Shipping produces about 2.9% of the world’s man-made emissions of carbon dioxide, according to a report by the International Maritime Organization (IMO) in 2020. The IMO’s ambition is to reduce greenhouse gas emissions from shipping by at least 50% by 2050, with a stretch target of a 100% reduction by the same deadline. There is considerable uncertainty over how these ambitions will be achieved, but this target cannot be reached by energy efficiency measures alone, an energy transition from fossil fuels is required. LR’s research has shown that to reach the IMO’s ambition, zero-carbon vessels capable of deep-sea, trans-ocean travel will need to be in use by 2030.
Looking back at the previous energy transition – from coal to oil – this took place over 50 years and oil was cheaper, cleaner, abundant, more energy dense and safe to handle. The future fuels that are being discussed now – methanol, hydrogen and ammonia – do not have any of these characteristics. The energy density is at least half of today’s fuels, this means more space will be required on ships to carry the extra fuel. LR analysis forecasts that these fuels will also be 2-4 times more expensive. A further complication is that these fuels can come from many different sources, some with more impactful or similar lifecycle emissions to the fuels of today.
There are also safety concerns about the hazardous nature of the fuels of the future. The safe use of these fuels of is governed by the Control of Major Accident Hazards (COMAH) regulations on land. These rules define thresholds for the quantities of dangerous substances that can be stored. This is of particular relevance to ports because of the limits for hazardous fuels that can stored close to habitation and consideration will be needed for bunkering of ships in ports. In the UK for example, alignment will be required across the regulatory landscape – Health and Safety Executive (HSE) for land-based, Maritime and Coastguard Agency (MCA) for shore-based and Statutory Harbour Authorities.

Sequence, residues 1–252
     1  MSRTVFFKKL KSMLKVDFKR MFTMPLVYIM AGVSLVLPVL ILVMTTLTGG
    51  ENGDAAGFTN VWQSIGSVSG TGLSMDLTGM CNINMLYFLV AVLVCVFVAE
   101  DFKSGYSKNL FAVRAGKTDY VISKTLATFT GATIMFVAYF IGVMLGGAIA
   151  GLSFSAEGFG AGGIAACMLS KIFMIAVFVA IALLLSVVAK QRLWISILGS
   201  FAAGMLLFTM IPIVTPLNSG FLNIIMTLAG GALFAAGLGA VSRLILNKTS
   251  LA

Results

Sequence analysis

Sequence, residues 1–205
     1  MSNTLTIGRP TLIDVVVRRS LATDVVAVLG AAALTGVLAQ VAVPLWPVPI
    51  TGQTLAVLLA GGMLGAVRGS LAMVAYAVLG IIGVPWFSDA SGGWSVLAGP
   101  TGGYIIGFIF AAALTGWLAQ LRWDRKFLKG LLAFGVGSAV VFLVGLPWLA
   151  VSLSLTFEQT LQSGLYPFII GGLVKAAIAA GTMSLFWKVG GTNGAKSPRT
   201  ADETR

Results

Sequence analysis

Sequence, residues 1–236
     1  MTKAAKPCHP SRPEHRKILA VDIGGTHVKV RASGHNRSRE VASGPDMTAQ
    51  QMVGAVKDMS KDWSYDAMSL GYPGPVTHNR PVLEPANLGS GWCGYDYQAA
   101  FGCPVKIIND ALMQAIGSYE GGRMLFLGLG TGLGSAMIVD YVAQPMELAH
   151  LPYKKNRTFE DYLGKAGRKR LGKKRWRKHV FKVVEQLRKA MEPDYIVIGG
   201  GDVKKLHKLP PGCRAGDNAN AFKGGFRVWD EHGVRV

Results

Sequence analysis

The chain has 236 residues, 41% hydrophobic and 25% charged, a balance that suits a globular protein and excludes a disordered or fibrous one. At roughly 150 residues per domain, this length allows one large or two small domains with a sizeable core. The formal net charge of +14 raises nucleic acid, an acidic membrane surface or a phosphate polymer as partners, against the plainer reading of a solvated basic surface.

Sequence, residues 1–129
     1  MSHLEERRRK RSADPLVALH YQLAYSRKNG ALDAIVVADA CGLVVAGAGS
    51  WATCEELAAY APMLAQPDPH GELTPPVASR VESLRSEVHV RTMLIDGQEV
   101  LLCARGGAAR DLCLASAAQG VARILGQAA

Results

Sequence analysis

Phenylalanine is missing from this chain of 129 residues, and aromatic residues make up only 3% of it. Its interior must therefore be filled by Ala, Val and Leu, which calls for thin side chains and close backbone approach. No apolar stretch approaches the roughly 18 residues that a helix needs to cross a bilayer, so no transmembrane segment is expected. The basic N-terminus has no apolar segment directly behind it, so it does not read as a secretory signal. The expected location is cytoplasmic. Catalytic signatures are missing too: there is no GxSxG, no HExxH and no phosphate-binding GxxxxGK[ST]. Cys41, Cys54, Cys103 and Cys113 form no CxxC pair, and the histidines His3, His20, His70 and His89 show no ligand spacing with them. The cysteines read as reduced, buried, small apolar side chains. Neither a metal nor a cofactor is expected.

Shipping is not alone in this challenge, with many land-based sectors also looking to decarbonise, ports can be seen as the interface in meeting the demand requirement from importation of fuels, and potentially solving the issue of demand and supply and de-risking projects across several stakeholders.
Ports have the potential to be a catalyst for the shipping industry’s zero-carbon transition, but it is a chicken and egg scenario. Ships will need the fuel so the ports will need to supply it, but if the ports are using the fuel for other purposes, then the port infrastructure changes around that fuel can supply ships. This is why cross-industry collaboration will be so important to join up the dots between industries.
If a port is importing hydrogen for other purposes then it should be thinking about how can it be used it for its own purpose – for example to power cranes, cargo trolleys and localised shipping like harbour tugs and pilot vessels under the port’s control. This is likely to be driven by a local or national objective to meet decarbonisation targets. The port can then look at scaling this up to support the deep-sea shipping industry. Once more than one port is supporting the infrastructure and there is trade between these ports, then that trade can start going through an energy transition. It is vital that we see these types of pilots this decade.
Recently, the Port of Cromarty announced it working with the whiskey industry to develop a green hydrogen hub, producing hydrogen from offshore and onshore wind farms. This is a significant investment that can be spread across several stakeholders, thereby de-risking the project whilst reducing greenhouse gas emissions.
Some other examples are the Port of Antwerp forming consortium with DEME, Engie, Exmar, Fluxys, the Port of Zeebrugge and WaterstofNet to establish a fully renewable hydrogen import value chain by 2030. The Port of Hamburg has announced it is working with Vattenfall, Shell, Mitsubishi Heavy Industries and Warme Hamburg to develop a 100MW electrolyser to produce green hydrogen. The next step is the look at the shipping trade between these ports to create ‘green corridors’.
These examples are precisely the types of collaborations that the industry requires – looking at how multiple stakeholders can create a valuable hydrogen chain. It is key that we see more of these initiatives so they can be scaled up to meet the 2050 ambitions.
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Industry leaders join forces on ammonia-fuelled tanker project
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